SPLC Submits Brief Calling for California Supreme Court to Overturn Ballot Initiative Banning Same-Sex Marriage


Working with a California law firm, the Southern Poverty Law Center has filed an amicus curiae brief calling for the state's Supreme Court to maintain the right to same-sex marriage.

The Court earlier this year ruled that gays had a fundamental right to marry, but this month California voters approved a ballot initiative that denies that right.

The SPLC's brief, filed on Nov. 17, argues that the California Supreme Court should exercise its original jurisdiction in the case, rather than waiting years for the matter to work itself through the court system. The brief also asked the Court to issue a stay order, preserving the status quo — full recognition and continued availability of same-sex marriages — until the Court can address the validity of a ballot initiative that denies a fundamental right to an entire class of individuals.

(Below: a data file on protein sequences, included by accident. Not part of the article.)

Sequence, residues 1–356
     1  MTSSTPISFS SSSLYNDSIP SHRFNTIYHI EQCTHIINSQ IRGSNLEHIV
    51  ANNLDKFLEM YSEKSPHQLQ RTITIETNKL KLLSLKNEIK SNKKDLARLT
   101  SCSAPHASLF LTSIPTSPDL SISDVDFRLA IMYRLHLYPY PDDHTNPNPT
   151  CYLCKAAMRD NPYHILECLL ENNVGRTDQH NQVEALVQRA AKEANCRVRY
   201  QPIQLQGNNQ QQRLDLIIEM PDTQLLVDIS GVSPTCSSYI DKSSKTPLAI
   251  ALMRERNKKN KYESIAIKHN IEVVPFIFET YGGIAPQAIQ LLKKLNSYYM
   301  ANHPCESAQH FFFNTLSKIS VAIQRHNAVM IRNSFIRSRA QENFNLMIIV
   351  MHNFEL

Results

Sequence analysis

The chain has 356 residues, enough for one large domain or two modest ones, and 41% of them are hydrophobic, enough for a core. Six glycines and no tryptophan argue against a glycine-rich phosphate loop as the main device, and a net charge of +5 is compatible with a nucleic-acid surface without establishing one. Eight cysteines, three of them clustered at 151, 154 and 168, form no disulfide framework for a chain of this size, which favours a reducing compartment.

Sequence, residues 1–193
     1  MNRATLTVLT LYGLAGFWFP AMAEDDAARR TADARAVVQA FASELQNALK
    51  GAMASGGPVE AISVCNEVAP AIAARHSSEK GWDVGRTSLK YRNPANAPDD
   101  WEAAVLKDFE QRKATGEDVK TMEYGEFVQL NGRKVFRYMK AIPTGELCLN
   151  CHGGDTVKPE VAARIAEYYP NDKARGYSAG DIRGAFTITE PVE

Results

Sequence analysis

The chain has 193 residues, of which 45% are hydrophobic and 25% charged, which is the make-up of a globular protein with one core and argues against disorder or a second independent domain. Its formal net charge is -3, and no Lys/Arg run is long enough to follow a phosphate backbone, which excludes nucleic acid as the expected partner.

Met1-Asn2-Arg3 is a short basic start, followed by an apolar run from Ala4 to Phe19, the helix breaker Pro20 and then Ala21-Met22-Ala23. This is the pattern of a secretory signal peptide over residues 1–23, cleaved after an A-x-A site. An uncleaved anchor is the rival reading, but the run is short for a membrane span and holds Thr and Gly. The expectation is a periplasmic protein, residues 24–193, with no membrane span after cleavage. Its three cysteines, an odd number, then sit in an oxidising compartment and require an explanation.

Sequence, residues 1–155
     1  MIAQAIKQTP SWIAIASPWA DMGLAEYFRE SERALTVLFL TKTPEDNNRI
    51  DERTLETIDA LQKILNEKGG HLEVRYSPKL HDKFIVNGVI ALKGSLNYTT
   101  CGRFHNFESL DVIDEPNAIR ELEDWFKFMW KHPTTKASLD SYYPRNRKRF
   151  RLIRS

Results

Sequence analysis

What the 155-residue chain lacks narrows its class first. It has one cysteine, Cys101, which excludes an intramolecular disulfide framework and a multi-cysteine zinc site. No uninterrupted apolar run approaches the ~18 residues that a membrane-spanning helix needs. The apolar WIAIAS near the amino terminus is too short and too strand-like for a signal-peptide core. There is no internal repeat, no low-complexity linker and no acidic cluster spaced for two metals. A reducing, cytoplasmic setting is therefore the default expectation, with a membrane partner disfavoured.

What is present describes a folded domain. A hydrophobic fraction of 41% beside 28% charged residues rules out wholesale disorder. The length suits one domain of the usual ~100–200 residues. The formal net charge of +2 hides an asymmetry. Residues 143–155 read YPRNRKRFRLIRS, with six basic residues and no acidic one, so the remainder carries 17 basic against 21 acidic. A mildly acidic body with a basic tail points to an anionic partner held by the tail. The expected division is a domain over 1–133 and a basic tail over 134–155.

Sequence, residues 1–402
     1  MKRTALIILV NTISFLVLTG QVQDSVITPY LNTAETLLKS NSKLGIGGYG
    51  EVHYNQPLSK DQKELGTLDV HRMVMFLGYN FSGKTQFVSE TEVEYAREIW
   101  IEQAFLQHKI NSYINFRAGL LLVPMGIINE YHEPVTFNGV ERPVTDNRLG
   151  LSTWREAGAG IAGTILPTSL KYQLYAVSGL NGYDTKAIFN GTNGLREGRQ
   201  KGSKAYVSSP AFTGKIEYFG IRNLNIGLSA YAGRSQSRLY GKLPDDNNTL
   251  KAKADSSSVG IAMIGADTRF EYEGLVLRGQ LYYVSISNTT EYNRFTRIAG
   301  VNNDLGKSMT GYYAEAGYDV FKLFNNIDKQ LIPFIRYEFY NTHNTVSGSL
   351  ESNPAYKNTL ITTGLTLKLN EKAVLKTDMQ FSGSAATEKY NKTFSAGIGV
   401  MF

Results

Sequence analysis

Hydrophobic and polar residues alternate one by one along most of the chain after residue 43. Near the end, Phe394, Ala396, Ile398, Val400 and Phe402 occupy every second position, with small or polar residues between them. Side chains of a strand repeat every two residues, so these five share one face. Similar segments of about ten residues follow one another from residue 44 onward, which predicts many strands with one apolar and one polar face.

On Nov. 19, the Court granted the request to exercise original jurisdiction over three petitions filed challenging the validity of Proposition 8. The Court set an expedited briefing schedule, with all filings to be completed by January 21, 2009. The Court also denied multiple requests to stay enforcement of Proposition 8 pending its determination on the validity of the ballot initiative.

The SPLC's brief opens with a quote from a 1943 U.S. Supreme Court ruling in Board of Education v. Barnette: "One's right to life, liberty, and property, to free speech, a free pass, freedom of worship and assembly and other fundamental rights may not be submitted to vote; they depend on the outcome of no elections."

The SPLC argues that the California electorate's passage of Proposition 8 is antithetical to well-established notions of equal protection and right of privacy.

"The proper resolution of these issues constitutes one of the most significant legal issues before this Court since California's inception," the brief states. "Given that thousands of California's citizens are currently in legal limbo — unsure of the status of their marriages which were lawfully performed at the time — time is of the essence. These citizens cannot wait for four years for a final determination of the status of their marriages as these issues wind themselves through lower courts."

Attorneys with the Irvine, Calif., firm of Manning & Marder authored the SPLC's brief.